As shown in FIG. 1, each of the planar surfaces 46 c, 46 d, 46 j and 46 k of the plate member 46 of the connector 36 generally lies in a coronal plane within the vicinity of the spinal system 10. Since, as described above, the direction of extension of the rod portion 18 a is able to be selectively adjusted in a plane that is either parallel or substantially coplanar with one or more of the planar surfaces 46 c, 46 d, 46 j and/or 46 k, it follows that the direction of extension of the rod portion 18 a is able to be selectively adjusted in a coronal plane within the vicinity of the spinal system 10.

As further shown in FIG. 1, the housing member 50 of the connector 36 has been rotated, relative to the plate member 46, so that the rod portion 18 a engaged with the housing member 50 of the connector 36 extends in a generally vertical direction in a coronal plane within the vicinity of the spinal system 10. Dissimilarly, the corresponding housing members 50 of the connectors 34 and 38 have been rotated to the right and left, respectively. Thus, the portions of the rod 18 engaged with the connectors 34 and 38 extend in coronal planes within the vicinity of the spinal system 10, but in directions that vary from each other and the rod portion 18 a.

Instead of engaging the rod 18 with the connectors 34, 36 and 38, and then coupling the connectors 34, 36 and 38 to the vertebrae 12, 14 and 16, respectively, it is understood that the connectors 34, 36 and 38 may first be coupled to the vertebrae 12, 14 and 16, respectively, and the rod 18 may then be fed through the through-openings 50 b of the connectors 34, 36 and 38. It is further understood that, prior to feeding the rod 18, the directions of extension of the through-openings 50 b of the connectors 34, 36 and 38 may be locked.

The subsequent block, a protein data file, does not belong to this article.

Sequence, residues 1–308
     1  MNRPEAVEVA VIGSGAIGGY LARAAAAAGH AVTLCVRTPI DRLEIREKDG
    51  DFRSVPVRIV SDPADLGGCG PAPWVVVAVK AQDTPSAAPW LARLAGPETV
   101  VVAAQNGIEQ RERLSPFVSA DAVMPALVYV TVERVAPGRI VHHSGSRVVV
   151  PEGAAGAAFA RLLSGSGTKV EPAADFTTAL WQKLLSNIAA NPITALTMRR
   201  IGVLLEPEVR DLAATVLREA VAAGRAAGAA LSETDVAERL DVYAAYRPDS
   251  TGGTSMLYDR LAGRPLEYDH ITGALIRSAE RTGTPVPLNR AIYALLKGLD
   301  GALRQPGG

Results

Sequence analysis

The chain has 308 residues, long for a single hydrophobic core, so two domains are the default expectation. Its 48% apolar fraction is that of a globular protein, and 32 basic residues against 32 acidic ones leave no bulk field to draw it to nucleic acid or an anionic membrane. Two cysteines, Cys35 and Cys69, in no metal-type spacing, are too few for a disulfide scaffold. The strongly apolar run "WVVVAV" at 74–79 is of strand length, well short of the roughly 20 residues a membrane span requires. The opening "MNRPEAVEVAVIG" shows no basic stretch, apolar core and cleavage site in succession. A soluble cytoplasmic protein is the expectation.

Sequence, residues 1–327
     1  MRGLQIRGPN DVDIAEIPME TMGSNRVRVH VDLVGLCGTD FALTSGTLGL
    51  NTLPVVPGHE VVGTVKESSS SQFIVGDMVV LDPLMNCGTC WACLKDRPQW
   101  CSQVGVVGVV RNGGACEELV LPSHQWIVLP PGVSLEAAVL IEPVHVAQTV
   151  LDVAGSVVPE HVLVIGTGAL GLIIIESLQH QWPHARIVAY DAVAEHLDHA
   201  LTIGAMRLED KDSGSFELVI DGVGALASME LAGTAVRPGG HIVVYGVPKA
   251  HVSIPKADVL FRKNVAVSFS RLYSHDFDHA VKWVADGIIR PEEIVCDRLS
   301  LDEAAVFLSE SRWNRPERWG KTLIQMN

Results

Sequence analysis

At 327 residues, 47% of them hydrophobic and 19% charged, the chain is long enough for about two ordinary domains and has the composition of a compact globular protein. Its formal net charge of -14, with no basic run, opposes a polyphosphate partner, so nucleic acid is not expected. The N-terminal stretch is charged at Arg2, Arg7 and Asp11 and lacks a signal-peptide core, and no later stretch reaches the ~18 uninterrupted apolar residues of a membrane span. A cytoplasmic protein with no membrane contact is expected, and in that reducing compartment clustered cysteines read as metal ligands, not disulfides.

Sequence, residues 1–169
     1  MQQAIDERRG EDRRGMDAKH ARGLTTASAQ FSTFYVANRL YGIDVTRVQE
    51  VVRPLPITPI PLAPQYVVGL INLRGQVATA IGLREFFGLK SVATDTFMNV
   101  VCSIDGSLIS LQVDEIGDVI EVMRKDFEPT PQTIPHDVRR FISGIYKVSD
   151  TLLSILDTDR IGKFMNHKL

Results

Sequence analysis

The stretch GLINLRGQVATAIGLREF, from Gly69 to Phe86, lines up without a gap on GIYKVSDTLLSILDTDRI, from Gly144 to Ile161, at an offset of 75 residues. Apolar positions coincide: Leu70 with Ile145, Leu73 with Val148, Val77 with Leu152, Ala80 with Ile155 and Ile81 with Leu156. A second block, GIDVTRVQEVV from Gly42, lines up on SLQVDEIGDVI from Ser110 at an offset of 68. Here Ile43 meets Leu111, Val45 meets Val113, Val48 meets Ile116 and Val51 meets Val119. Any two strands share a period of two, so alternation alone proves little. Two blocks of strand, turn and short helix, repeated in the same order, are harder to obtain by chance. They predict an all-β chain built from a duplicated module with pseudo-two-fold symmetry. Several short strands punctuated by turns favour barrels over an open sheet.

It is understood that the directions of extension of different portions of the rod 18 in one or more coronal planes within the vicinity of the spinal system 10 may each be selectively adjusted to form a wide variety of arrangement for a wide variety of reasons such as, for example, in order to avoid and/or clear features of the vertebrae 12, 14 and/or 16, and/or other natural and/or artificial structures connected to one or more of the vertebrae, extending between two or more of the vertebrae, and/or connected to the rod 18 and/or the connectors 34, 36 and/or 38.

It is understood that the implementation and arrangement of the rod 20, and the connectors 40, 42 and 44 engaged therewith, within the vicinity of the spinal system 10 is substantially identical to the above-described implementation and arrangement of the rod 18, and the connectors 34, 36 and 38 engaged therewith, and therefore will not be described in detail.

In operation, the rods 18 and 20, and the connectors 34, 36, 38, 40, 42 and 44, assist in providing immobilization and/or stabilization to the spinal system 10, and/or may serve as an adjunct to fusion of one or more portions of the spinal system 10. It is understood that the extent of displacement between the vertebrae 12 and 14, and/or the vertebrae 14 and 16, and/or other vertebrae in the spinal column of the spinal system 10 may be reduced, and/or one or more pairs of adjacent vertebrae may be maintained in a desired spatial relationship.

Referring to FIG. 5, with continuing reference to FIGS. 1-4, a crosslink 60 is connected to and extends between the rods 18 and 20. It is understood that the direction of extension of the rod portion 18 a may be selectively adjusted in a coronal plane within the vicinity of the spinal system 10 to assist in the crosslink 60 avoiding and/or clearing one or more features of the vertebra 14, and/or other natural and/or artificial structures connected to one or more of the vertebra in the spinal system 10, extending between two or more of the vertebrae in the spinal system 10, and/or connected to the rods 18 and 20 and/or the connectors 34, 36, 38, 40, 42 and/or 44.